ATHENS, Greece & NASHVILLE, Tenn.--(BUSINESS WIRE)--Graphene Week in Athens, Greece, an international gathering of leading experts on graphene and two-dimensional materials, is often called Europe’s most influential graphene conference. Dr. Zina Jarrahi Cinker, executive director of the new U.S.-based National Graphene Association, was there to present on the organization’s efforts to bring stakeholders together to facilitate the material’s commercialization.
Organized by the Graphene Flagship, Graphene Week is designed to present the latest scientific results and provide networking opportunities among researchers and product developers. The conference is a main event of the Future & Emerging Technologies (FET) Flagship initiative of the European Commission, a new partnering model for long-term European collaborative research in the context of the European Research Area (ERA).
Dr. Jarrahi Cinker met with Nobel Laureate Kostya Novoselov, who together with Andre Geim won the Nobel Prize for their pioneering research on graphene.
“We talked about the barriers to graphene innovation, and how the NGA is poised to help bring the world together to define technology road maps and initiate global partnerships that will move the industry forward,” Dr. Jarrahi Cinker said. “We understand there are a lot of challenges, but we are encouraged by the sense of readiness that exists within this community for collaboration.”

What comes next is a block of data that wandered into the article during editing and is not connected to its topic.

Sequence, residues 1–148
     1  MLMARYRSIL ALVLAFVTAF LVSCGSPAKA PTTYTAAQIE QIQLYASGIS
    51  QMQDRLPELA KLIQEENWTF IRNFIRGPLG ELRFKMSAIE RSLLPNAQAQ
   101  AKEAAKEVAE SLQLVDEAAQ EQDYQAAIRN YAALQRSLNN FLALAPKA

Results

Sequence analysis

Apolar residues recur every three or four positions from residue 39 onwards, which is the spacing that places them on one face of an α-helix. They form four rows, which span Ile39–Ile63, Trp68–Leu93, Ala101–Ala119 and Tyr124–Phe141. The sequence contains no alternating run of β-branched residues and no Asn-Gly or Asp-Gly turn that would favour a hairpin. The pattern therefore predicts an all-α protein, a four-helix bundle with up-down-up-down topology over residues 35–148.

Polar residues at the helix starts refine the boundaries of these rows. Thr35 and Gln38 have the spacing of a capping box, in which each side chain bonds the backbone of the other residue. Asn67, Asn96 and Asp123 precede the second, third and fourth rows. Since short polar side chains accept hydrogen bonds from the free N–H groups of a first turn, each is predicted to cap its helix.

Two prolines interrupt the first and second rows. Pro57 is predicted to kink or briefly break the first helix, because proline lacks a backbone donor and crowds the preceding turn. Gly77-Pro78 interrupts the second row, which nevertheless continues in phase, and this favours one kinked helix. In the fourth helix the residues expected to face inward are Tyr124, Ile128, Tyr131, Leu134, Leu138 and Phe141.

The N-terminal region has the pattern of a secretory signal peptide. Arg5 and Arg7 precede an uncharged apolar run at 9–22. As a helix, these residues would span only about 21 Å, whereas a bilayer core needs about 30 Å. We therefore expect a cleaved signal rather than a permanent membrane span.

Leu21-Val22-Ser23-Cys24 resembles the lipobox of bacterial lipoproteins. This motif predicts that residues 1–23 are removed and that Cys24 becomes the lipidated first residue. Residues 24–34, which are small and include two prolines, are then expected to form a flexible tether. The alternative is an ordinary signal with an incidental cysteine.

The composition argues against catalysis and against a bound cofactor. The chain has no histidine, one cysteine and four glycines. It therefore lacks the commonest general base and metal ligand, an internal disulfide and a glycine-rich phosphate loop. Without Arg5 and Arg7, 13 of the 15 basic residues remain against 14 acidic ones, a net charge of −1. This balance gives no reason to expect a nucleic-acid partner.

Dr. Jarrahi Cinker presented at the innovation forum and attended a talk by Dr. Kari Hjelt, head of innovation for the Graphene Flagship, who highlighted ways in which product development knowledge can be harvested from research being done around the world. Hjelt will be the keynote speaker at the NGA Graphene Innovation Summit in Nashville October 29-31.
As the executive director of the National Graphene Association, Dr. Jarrahi Cinker aims to lead the charge on standardization for the industry. That effort received resounding support from the international graphene community at Graphene Week.
“The most effective way to do this is by forming close-knit global alliances and partnerships, so we can bring everyone to the table to address issues such as standards and the ambiguity in the graphene supply chain,” she said. “There are many suppliers of graphene and many products that are already in development and hitting the market soon, such as thermo-regulating wearables, electronic devices, enhanced composites and much more. Standardization efforts will pave the way for faster development of graphene based products.”
For more information on the National Graphene Association or the NGA’s Graphene Innovation Summit in Nashville October 29-31, please visit www.nationalgrapheneassociation.com.